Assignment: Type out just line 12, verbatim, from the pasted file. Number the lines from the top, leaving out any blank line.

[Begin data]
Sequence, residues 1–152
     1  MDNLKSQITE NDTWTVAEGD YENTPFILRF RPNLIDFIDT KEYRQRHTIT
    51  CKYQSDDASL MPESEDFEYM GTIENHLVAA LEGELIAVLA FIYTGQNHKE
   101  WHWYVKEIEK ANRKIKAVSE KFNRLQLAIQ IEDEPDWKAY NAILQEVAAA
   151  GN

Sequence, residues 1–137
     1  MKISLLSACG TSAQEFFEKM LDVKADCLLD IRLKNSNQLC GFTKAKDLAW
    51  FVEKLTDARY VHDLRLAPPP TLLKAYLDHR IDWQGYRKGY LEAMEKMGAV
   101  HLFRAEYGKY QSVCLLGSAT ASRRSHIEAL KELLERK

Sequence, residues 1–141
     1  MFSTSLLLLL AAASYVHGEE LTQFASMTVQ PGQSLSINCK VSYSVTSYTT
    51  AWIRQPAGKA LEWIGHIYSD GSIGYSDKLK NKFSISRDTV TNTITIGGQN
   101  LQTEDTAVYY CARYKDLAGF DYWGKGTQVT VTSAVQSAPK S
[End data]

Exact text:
    51  AWIRQPAGKA LEWIGHIYSD GSIGYSDKLK NKFSISRDTV TNTITIGGQN